Two crucial glaciers in West Antarctica may be losing ice faster than they have over the last 5,000 years, according to a new study published in June. The international team, led by the University of Maine and including British Antarctic Survey (BAS) geologist Dr Joanne Johnson, examined the history of Thwaites and Pine Island Glaciers in the West Antarctic Ice Sheet.
These glaciers extend deep into the heart of the ice sheet, are currently melting extremely rapidly and have the potential to contribute up to 3.4 meters to global sea level rise in the coming centuries.
To understand how relative sea level has changed over the past few thousand years in this critical region, the team collected shells from several ancient beaches that are now elevated above modern sea level and used radiocarbon dating of the shells to discover when the beaches formed. This information is used to determine whether there have been any large-scale changes in glacier size during the time period covered by the beaches. BAS scientists and geomatics specialists helped to sample the shells and played an important role in determining precise altitudes for the beaches.
The shells were collected from extremely remote islands in Pine Island Bay. These islands have seldom been visited, and can only be accessed by small boats or helicopters from a ship. The scientists had only a few hours on each of the islands, but with assistance from US and UK colleagues, they managed to collect more than 50 shells and penguin bones for the study. The sample collection was organized and conducted by lead author, PhD student Scott Braddock from University of Maine, USA, and supported by the US research ship R/V Nathaniel B Palmer.
The scientists found that relative sea level in the region fell steadily over the last 5,000 years. This suggests that glaciers were relatively stable during that time, with no evidence for large-scale retreat or advance. Changes in size caused by retreat or advance of glaciers affects “crustal loading”, a term that describes the amount of depression the earth’s surface experiences when a mass of ice is sitting on it.
Brenda Hall, corresponding author of the study and professor at the School of Earth and Climate Sciences and the Climate Change Institute (in US) says: “Relative sea-level change allows you to see large-scale crustal loading and unloading by ice. For example, glacier re-advance, which would result in crustal loading, would slow the rate of relative sea-level fall or potentially even cause submergence of the land below sea level.”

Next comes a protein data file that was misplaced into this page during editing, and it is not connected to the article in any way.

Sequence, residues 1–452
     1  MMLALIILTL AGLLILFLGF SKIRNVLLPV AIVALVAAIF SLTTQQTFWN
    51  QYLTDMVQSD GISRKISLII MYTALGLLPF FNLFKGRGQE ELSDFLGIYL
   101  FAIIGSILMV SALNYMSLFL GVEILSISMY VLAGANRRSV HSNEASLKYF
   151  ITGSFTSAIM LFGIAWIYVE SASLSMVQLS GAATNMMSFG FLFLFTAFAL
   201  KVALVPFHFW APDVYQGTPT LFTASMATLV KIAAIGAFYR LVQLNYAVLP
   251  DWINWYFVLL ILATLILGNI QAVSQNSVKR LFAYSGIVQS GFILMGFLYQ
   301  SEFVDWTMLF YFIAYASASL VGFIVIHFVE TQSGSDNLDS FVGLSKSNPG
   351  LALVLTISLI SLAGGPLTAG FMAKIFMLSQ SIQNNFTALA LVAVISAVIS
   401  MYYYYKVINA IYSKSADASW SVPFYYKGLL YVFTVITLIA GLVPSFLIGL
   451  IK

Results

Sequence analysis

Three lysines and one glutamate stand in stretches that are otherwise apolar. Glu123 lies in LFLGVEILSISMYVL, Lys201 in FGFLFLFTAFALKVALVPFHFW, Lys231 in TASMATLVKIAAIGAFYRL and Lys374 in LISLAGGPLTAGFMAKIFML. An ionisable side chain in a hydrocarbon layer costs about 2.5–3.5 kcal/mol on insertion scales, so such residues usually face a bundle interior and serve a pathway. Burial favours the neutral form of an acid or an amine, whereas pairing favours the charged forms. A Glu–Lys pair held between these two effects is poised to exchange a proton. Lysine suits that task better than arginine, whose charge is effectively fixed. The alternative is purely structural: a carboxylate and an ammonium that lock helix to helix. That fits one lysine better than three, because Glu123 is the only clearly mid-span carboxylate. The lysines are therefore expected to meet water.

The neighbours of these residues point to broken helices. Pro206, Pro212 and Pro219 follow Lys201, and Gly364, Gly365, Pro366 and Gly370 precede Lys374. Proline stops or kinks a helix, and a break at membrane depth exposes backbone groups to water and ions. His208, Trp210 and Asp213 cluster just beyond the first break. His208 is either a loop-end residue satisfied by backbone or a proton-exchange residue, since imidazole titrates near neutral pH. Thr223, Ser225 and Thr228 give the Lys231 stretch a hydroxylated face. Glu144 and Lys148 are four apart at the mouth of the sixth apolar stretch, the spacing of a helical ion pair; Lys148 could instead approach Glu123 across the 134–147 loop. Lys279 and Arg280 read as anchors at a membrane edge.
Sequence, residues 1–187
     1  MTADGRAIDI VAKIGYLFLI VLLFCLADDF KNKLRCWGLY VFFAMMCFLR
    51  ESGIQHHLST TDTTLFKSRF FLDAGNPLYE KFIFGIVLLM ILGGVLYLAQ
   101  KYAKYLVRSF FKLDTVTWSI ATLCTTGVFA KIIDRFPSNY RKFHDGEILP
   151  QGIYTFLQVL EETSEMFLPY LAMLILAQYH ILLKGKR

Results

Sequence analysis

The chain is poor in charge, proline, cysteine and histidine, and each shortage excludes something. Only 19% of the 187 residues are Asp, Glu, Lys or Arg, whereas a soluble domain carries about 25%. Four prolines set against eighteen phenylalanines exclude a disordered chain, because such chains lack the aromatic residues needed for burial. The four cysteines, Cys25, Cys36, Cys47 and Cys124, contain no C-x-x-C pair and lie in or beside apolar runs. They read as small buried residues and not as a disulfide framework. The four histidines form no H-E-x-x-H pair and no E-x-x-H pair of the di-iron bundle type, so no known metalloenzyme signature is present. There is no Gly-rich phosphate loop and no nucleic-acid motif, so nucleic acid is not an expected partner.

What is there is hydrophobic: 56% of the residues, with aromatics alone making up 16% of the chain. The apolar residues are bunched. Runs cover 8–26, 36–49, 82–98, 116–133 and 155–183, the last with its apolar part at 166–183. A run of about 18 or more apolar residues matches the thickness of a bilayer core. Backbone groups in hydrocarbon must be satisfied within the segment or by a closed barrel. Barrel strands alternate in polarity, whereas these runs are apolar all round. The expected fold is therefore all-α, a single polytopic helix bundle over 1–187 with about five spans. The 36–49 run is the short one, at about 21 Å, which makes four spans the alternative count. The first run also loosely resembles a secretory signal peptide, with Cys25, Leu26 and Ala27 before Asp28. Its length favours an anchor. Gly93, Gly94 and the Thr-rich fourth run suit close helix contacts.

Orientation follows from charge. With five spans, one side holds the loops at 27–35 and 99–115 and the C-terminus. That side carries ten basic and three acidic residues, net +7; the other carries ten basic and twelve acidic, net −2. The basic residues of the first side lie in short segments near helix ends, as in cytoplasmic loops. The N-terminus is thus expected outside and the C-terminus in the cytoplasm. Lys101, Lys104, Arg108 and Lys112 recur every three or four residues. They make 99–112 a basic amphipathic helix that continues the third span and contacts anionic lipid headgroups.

The team also found that the rate of relative sea level fall recorded by the shells was almost five times lower than today. The most likely reason for such a large difference is recent rapid ice loss in the region.
BAS geologist Dr Joanne Johnson, lead UK principal investigator of the Geological History Constraints (GHC) team, part of the International Thwaites Glacier Collaboration that conducted the research, says: “Looking back in time allows us to understand how these massive glaciers react to changes in climate. Our results show that even when climate was warmer 5,000 years ago, the glaciers were not substantially smaller than they are today. However, the much slower rate of relative sea level fall we measured implies that the dramatic ice loss we are now seeing is unprecedented in the recent geological past. We urgently need to understand more about these glaciers to determine whether their current retreat could be reversed, and under what conditions that could happen. This is crucial if we are to plan effectively for future sea level rise.”
Relative sea-level data preclude major late Holocene ice-mass change in Pine Island Bay by Braddock, S., Hall, B., Johnson, J., Balco, G., Spoth, M., Whitehouse, P., Campbell, S., Goehring, B., Rood, D., and Woodward, J., is published in the journal Nature Geoscience.